The art of apiculture, more colloquially known as beekeeping, is often overlooked or entirely forgotten, but this little-known field is highly important to agriculture. Honey bees help maintain the health of crops that humans readily consume, as well as the flowers we admire on a daily basis. The Chester County Beekeeper’s Association boasts approximately 200 members, from novice to professional, who care for local honey bee colonies. Carmen Battavio is among them, an expert apiarist who sells local honey under the name Carmen B’s Honey, and cares for approximately 50 hives in the area.

A plumber by trade, around 10 years ago, Battavio noticed that his large vegetable garden was suffering. After conducting a considerable amount of research, he learned that bolstered honey bee pollination of plants could provide a wealth of benefits. At the time, honey bees were scarce, driven off in droves with no temptation to stay in area gardens.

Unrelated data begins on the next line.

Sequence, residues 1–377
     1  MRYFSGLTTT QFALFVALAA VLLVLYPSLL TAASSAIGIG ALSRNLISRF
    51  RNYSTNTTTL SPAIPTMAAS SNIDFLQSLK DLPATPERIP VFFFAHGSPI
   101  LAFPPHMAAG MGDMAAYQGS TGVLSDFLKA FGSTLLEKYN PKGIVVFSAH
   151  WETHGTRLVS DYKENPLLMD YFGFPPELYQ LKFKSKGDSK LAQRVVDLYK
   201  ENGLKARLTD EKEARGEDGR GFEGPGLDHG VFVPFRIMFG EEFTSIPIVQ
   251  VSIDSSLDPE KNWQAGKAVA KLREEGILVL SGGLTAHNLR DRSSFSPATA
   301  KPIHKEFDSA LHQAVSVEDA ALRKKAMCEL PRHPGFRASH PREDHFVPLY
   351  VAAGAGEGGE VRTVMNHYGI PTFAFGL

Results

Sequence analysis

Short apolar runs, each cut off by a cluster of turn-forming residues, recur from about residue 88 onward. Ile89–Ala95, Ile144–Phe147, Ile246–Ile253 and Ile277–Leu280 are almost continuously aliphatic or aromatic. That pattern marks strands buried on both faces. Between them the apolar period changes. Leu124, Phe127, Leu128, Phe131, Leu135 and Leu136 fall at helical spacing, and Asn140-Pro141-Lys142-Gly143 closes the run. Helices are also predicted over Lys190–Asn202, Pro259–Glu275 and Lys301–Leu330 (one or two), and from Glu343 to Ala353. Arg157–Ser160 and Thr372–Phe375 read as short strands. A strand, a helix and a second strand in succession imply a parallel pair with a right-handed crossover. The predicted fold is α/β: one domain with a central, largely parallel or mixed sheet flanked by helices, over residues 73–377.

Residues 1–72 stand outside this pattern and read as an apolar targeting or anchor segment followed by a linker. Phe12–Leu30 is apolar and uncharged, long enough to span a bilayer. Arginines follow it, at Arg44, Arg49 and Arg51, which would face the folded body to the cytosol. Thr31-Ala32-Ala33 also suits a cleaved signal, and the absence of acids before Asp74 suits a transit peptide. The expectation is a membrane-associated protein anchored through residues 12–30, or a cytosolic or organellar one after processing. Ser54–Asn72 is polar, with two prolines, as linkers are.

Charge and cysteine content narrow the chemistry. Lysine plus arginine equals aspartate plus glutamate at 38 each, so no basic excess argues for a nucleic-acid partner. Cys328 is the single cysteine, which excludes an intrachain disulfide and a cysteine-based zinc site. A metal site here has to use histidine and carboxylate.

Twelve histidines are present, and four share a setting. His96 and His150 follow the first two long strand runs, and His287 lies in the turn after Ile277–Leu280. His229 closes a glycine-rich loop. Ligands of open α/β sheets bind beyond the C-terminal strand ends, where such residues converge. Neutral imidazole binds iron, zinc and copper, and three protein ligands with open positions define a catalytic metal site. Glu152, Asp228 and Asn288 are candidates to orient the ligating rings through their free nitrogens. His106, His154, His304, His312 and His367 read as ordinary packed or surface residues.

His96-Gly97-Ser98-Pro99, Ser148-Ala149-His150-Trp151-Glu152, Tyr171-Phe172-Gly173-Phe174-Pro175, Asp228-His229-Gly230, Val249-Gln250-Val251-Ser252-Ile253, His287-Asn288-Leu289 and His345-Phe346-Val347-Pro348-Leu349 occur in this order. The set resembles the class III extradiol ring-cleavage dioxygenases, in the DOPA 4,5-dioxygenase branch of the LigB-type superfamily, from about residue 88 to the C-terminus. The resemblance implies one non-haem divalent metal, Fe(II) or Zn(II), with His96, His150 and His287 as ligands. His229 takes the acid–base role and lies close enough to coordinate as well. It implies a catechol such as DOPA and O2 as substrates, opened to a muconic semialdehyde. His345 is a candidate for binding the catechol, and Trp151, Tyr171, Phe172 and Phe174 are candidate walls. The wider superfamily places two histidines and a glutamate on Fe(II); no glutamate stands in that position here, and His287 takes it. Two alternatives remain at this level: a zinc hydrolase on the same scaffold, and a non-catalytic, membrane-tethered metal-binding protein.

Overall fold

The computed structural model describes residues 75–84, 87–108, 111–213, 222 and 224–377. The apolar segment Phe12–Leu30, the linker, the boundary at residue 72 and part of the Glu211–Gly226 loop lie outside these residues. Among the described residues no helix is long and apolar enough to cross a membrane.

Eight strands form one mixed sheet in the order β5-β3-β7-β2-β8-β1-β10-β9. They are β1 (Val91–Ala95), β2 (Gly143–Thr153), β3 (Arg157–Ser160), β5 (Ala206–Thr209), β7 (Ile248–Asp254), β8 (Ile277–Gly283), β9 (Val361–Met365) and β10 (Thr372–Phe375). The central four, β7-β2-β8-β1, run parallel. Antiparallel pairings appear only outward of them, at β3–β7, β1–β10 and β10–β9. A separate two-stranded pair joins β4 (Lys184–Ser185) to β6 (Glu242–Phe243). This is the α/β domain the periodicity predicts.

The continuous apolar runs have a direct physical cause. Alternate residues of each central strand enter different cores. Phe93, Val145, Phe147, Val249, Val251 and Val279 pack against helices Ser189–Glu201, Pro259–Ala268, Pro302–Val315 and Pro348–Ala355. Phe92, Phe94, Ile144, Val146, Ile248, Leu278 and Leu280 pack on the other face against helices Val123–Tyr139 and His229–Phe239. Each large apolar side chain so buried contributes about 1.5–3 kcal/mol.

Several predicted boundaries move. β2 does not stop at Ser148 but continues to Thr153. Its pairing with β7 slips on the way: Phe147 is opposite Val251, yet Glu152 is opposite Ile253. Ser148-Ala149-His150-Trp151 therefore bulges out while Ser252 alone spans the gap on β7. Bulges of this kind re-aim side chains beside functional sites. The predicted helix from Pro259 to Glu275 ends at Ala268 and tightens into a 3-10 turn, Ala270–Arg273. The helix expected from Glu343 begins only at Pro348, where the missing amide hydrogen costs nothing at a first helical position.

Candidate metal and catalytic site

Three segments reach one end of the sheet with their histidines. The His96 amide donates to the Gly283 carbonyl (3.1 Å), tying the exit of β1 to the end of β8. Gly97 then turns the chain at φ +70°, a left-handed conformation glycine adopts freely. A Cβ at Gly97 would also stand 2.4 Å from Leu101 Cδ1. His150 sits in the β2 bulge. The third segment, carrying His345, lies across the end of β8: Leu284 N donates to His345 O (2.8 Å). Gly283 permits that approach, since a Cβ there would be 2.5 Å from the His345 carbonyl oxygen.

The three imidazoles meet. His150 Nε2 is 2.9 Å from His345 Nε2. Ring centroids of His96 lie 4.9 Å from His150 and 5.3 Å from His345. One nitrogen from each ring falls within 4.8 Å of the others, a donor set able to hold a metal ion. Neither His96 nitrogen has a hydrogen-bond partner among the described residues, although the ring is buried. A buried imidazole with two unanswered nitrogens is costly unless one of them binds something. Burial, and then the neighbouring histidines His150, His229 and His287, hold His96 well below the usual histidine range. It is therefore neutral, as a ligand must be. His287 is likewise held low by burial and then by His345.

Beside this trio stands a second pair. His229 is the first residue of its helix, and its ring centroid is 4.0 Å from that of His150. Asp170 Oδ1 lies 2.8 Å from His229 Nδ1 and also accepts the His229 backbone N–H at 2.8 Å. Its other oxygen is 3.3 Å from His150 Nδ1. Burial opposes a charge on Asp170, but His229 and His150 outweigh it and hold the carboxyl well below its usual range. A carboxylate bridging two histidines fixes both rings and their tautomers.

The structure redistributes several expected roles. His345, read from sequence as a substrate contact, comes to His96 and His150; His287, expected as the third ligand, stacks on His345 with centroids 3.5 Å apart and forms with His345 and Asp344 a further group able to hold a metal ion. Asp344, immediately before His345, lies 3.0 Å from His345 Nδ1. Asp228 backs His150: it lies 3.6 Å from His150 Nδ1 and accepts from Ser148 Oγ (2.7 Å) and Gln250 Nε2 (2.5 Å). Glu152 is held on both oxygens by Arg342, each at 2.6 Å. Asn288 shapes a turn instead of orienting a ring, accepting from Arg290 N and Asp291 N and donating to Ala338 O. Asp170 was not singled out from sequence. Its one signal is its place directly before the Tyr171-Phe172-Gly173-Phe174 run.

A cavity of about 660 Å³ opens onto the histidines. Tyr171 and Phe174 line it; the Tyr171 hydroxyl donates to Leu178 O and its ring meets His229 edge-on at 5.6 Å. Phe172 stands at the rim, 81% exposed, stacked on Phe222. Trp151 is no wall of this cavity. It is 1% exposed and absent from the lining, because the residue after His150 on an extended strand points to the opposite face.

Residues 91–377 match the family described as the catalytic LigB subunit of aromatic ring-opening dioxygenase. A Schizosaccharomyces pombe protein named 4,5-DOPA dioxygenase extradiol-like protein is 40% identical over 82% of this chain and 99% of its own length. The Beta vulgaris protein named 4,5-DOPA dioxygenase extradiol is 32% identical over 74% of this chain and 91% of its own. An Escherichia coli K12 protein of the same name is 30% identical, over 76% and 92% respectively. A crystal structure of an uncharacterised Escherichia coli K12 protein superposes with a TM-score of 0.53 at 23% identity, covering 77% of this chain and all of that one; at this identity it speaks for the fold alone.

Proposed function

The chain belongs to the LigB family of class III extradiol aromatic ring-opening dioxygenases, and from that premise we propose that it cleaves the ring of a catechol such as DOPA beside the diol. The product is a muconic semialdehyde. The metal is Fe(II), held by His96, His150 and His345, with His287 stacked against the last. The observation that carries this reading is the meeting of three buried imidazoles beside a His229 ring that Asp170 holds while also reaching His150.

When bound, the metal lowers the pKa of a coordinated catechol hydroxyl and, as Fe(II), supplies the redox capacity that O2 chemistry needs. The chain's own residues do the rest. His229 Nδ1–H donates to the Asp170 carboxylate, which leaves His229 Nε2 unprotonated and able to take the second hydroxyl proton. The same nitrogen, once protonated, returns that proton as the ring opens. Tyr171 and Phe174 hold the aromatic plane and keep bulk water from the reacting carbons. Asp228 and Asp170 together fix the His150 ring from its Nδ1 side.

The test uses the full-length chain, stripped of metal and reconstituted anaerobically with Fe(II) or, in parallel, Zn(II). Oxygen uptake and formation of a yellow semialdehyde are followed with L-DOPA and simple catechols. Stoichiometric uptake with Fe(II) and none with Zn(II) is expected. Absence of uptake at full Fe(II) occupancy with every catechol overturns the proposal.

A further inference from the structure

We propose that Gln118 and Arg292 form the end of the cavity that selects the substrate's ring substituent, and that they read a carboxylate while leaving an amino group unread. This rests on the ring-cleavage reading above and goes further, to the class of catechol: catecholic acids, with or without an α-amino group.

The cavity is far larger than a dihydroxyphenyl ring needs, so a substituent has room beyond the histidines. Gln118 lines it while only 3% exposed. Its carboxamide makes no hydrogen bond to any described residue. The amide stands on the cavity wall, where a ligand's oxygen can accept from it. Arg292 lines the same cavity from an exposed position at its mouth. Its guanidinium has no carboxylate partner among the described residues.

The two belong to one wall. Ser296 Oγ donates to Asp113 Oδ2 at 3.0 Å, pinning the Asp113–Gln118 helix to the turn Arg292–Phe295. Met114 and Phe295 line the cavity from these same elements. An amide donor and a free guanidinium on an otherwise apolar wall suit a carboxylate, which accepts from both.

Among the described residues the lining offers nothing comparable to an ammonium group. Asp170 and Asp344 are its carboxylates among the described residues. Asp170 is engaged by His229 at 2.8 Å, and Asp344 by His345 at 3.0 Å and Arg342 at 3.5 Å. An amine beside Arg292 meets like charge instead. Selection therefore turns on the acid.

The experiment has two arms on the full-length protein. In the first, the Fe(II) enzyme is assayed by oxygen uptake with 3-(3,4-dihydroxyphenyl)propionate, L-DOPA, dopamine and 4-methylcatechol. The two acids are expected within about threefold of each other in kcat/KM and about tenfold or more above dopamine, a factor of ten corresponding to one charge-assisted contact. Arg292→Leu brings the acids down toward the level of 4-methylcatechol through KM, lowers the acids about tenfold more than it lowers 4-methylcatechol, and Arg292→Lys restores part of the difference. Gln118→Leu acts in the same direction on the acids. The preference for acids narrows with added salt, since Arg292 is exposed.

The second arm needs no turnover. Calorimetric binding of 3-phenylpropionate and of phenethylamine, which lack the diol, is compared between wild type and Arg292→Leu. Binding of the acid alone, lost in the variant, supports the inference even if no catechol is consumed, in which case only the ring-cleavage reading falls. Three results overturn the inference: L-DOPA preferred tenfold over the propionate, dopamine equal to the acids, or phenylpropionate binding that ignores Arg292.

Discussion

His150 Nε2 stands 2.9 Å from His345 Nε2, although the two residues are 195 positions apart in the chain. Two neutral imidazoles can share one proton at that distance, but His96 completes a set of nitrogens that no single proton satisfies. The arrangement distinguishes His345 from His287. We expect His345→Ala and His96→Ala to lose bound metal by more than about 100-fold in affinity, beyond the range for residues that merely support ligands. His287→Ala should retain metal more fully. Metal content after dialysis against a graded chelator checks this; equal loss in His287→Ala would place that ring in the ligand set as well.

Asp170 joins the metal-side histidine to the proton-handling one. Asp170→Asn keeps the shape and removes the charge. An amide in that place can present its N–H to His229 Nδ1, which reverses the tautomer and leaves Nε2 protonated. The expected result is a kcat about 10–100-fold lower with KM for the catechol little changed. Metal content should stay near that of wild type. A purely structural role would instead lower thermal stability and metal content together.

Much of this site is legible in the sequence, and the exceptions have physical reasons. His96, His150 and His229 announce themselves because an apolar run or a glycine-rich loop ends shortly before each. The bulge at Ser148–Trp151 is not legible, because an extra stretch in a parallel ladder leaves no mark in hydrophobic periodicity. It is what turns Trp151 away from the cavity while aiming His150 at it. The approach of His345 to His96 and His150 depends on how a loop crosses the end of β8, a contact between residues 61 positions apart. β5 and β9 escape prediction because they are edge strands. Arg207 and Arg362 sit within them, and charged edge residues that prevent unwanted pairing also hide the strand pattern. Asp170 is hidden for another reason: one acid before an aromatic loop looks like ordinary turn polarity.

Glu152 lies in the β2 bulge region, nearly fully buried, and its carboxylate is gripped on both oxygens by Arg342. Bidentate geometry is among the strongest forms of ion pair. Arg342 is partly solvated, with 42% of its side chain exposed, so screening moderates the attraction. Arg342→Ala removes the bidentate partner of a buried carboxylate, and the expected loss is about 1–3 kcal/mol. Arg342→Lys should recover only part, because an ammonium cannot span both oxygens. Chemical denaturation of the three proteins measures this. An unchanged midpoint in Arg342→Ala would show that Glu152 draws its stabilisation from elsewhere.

Honey bees are currently facing an epidemic called Colony Collapse Disorder (CCD), the cause of which might be one or a combination of about a dozen different theories, ranging from mites to genetics to global warming to excessive pesticide use. Though it does not directly affect human health, CCD does significantly impact the survival rates of entire colonies, which is detrimental to the quantity of crops that can be pollinated by bees. Honey bee pollination of an estimated 75 percent of American crops adds a value of approximately $15 billion to the country’s agricultural production. “It’s a very, very important part of our food chain,” says Battavio. Without honey bees, people must rely on more genetically modified organisms (GMOs), forced to adapt to changing harvest patterns with inorganic supplements.

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